As I said, I love the idea of an artwork inside an artwork, a film within a film, a poem within a novel and the strange meetings that are thereby engendered. But I think I mean Ekphrasis usually, primarily in visual terms, which is really the whole process in reverse, starting without words and heading towards language. Certainly it is as a way of extending language and opening up the implications, the possibilities and the lives of artworks. It is a kind of mirror. I have written a lot of fictions set within moments in cinema and it goes back to my belief in the sentient nature of certain artworks, certain texts, in that they contain both thought and feeling, so, in an obviously impossible way, they can be said to lay claim to a form of sentient life. I think Kafka’s short story First Sorrow has a strange, indescribable, sentient existence. It lives! And I feel the same about that Chardin painting, The House of Cards.

Paul Becker, 'Silhouette', 2019, oil on canvas, 27 x 22 cm, (Private Collection).

There are certain moments in Ozu when the characters have left a room and the camera continues to roll which infer that the film, its stories, its characters, its atmospheres, could, in some sense, on some plane or adjacent time, still be happening. The implications of that are that the film could play out in a different way or that a parallel fiction could seek to populate it. I just wrote a continuation of the ending of Mouchette where, yes, she rolls down the hill into the water but then she is lifted up by a great hand.

It is different again in painting, for example, wherein if you paint someone looking at a painting, then you are also painting someone thinking about painting and of course you also have the viewer, who is thinking about looking at a painting of someone thinking about and looking at a painting. It is a mis en abyme and it is a kind of device, though operating towards what end I am less sure. Perhaps it helps to untether the viewer/reader a little more, to cause her to linger, to pause and consider? I am not sure. Thomas Bernhard sometimes does this thing where he extends the idea of who is speaking so that this weird disconnect takes place. I mean lines like: ‘She told me that they had said that he wanted it not to happen’. The speaker becomes ambiguous and then where are you as a reader? It is called the Kink in the Arc because I was interested in somehow freeing the reader from the certainty of the traditional narrative arc and perhaps allowing her and the writer to share the same space: one of uncertainty, of not knowing.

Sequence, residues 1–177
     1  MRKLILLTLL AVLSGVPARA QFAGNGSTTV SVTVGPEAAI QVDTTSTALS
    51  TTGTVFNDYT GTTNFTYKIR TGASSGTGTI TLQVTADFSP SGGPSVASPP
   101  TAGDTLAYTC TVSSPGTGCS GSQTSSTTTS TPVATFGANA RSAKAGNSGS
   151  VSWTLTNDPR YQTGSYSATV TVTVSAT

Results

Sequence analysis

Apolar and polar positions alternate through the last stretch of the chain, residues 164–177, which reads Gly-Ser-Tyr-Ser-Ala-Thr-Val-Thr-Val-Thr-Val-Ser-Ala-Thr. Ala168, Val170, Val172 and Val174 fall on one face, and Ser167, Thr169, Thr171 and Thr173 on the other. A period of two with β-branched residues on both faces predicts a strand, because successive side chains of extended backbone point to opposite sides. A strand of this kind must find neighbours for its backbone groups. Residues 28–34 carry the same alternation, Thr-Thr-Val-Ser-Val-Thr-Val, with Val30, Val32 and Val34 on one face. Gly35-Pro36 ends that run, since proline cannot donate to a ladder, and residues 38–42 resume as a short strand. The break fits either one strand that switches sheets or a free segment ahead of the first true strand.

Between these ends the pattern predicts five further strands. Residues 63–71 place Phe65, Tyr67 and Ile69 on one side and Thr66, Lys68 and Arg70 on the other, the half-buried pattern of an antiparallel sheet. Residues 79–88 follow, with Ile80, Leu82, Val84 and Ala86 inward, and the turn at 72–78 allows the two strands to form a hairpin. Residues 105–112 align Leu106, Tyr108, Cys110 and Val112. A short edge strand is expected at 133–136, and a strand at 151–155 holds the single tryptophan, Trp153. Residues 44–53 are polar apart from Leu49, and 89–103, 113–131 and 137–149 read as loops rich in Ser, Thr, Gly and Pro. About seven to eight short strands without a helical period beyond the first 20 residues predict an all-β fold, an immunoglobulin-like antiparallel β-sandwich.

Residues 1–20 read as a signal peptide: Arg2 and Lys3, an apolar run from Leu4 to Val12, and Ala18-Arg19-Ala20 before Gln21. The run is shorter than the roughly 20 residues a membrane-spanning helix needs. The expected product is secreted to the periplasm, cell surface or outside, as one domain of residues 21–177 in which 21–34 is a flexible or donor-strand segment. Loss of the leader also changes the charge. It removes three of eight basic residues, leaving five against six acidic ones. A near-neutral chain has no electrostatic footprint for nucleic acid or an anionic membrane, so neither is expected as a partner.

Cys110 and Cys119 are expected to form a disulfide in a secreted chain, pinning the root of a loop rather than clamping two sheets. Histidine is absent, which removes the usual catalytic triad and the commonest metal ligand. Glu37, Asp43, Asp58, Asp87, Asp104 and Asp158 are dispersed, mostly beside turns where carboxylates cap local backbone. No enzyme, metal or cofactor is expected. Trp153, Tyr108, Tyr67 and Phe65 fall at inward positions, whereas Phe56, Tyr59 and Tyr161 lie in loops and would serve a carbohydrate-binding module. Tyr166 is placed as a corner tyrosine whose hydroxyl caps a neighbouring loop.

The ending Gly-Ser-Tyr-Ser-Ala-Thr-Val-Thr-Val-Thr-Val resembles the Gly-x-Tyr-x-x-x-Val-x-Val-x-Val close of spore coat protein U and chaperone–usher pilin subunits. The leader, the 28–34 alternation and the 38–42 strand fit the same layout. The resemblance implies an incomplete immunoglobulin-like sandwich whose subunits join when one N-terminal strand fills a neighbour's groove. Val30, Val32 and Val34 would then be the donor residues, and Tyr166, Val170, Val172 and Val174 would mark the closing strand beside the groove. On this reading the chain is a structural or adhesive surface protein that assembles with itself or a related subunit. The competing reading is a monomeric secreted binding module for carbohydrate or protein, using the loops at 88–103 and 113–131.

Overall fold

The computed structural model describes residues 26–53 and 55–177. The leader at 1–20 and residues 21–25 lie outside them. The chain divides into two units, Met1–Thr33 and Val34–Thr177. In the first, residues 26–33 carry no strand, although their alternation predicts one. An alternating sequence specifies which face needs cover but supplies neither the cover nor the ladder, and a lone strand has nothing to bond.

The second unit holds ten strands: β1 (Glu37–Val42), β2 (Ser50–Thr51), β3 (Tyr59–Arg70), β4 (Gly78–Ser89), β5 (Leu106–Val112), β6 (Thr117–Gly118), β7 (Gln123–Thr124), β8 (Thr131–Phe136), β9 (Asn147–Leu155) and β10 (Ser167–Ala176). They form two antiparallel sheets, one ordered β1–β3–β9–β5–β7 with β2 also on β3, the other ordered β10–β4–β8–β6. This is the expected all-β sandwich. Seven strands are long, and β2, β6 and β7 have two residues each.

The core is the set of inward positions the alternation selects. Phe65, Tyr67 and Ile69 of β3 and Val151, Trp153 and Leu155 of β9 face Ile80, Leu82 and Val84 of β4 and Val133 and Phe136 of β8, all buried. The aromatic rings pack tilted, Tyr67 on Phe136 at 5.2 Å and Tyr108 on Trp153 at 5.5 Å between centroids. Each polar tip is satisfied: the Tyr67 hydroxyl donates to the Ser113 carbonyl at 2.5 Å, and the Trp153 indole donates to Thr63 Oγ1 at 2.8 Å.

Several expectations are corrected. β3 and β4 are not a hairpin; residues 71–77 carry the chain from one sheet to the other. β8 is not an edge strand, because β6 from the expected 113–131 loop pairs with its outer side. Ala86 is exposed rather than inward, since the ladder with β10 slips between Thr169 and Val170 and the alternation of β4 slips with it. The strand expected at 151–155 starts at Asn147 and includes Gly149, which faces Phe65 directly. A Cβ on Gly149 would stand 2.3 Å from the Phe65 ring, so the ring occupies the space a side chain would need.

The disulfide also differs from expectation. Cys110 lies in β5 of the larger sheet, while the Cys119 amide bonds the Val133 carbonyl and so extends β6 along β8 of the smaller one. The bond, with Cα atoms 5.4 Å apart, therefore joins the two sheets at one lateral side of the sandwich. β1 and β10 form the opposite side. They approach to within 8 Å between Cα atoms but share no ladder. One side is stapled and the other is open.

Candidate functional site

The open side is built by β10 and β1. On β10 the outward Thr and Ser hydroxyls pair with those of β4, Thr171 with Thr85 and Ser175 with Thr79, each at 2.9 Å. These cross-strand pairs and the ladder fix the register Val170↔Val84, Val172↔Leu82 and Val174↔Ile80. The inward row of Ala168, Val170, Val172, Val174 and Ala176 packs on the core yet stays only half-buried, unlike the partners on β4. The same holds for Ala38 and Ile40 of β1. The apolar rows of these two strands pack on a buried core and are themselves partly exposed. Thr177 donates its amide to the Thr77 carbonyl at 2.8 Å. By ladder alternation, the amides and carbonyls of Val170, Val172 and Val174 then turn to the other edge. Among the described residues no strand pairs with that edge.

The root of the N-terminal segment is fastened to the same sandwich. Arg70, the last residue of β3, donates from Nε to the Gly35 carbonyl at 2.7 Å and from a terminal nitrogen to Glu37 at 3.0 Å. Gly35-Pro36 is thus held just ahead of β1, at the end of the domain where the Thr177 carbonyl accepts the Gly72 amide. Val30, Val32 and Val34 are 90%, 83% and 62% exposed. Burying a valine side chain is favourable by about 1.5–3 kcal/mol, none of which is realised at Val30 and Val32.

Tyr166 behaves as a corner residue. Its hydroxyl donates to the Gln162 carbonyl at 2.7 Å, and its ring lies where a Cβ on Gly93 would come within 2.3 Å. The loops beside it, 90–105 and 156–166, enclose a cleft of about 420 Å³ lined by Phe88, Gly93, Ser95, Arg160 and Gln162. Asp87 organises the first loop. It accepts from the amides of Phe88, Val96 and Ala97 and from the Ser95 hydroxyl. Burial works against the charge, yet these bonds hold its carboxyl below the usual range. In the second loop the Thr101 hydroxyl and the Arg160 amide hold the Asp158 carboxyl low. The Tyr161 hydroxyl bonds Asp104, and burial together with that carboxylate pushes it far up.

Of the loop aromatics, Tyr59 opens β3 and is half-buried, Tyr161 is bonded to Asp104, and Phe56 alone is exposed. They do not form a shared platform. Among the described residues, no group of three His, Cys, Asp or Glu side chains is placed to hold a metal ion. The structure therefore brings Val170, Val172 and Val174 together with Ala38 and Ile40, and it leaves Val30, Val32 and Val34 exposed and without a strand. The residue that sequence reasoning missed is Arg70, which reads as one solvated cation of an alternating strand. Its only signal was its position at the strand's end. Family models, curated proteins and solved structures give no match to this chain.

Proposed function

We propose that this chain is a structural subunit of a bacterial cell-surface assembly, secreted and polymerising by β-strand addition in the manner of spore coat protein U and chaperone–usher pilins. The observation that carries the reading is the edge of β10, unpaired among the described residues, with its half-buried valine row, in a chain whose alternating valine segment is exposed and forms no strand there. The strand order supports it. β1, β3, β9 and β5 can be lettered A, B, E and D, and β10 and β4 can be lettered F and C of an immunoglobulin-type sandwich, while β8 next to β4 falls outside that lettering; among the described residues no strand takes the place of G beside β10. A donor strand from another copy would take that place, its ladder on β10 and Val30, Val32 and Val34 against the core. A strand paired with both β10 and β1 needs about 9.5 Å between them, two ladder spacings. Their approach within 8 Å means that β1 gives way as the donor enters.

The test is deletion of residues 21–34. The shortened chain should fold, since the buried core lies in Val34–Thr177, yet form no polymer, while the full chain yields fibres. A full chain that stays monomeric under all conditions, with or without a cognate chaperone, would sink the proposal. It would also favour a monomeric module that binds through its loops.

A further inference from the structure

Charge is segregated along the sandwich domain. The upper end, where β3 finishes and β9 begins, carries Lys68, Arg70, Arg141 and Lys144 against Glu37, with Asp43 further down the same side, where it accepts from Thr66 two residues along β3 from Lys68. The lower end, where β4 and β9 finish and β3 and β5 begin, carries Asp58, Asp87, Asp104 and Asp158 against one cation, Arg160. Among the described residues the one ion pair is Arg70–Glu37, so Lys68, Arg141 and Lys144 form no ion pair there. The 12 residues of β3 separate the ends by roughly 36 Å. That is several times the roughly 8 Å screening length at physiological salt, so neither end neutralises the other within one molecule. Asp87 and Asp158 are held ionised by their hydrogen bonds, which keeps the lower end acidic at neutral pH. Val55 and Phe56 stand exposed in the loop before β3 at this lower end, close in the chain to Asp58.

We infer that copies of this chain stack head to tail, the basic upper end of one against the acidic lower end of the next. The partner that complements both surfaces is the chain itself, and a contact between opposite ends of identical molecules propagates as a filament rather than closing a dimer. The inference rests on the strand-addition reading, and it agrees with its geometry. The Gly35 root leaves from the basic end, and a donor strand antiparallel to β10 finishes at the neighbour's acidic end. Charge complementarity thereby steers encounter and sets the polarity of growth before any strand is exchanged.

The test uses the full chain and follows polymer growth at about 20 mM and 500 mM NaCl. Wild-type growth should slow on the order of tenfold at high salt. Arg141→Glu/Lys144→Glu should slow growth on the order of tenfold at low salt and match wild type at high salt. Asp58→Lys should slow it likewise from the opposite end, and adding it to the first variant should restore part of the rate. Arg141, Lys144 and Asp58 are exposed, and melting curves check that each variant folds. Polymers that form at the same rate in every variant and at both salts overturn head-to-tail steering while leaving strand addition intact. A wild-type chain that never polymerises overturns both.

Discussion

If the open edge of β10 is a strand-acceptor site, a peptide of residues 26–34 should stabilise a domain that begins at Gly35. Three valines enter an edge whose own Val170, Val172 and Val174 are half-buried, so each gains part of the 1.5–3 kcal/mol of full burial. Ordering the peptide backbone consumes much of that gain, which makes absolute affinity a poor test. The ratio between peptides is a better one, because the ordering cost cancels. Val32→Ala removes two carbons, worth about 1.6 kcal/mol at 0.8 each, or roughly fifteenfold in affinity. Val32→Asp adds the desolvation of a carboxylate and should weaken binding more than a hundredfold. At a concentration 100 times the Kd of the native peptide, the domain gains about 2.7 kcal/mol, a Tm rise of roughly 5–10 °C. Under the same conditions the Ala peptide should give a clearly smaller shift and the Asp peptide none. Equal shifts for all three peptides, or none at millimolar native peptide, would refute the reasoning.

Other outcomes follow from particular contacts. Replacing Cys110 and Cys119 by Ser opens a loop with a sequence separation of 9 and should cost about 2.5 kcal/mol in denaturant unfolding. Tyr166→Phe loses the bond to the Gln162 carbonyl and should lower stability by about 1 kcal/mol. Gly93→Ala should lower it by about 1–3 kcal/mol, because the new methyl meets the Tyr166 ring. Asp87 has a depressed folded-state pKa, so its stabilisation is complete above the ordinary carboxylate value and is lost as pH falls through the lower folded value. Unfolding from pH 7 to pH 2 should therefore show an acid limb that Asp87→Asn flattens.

Paul Becker, 'The Answer', oil on canvas, 34.5 x 39.5 cm, 2018.
Weary of the Image

Can you tell me more about the setting this collective novel takes place within; the ‘sanatorium for the weary of the image’?

I keep stressing in correspondence with participants that this space has nothing to do with mental illness and I suppose one thing I mean by that is I don’t want to trivialise mental illness or utilise the sanatorium as some sort of would-be asylum. I personally sometimes feel like I am drowning in images that are not of my own making. I don’t think that is such an uncommon feeling to have and it is not to do with, you know, “Isn’t the internet terrible!” or social media fears or whatever, or even what Herzog says about us not having adequate imagery anymore. It is more to do with my eyes seeing so much in a day that my brain can’t hope to process and all the baggage it carries with it. The idea of sanatorium is for those who need to find their own images and shed meaning that is prescribed or imposed. It is a contradiction because, perversely the sanatorium is actually filled with images; at the moment, with static artworks, paintings, prints and drawings.

The collective aspect is crucial. This shared imaginarium, this hive consciousness. Its Borgesian! Almost a hundred artists.

Paul Becker, 'Smoking and Reading', 2019, oil on linen, 40 x 33 cm.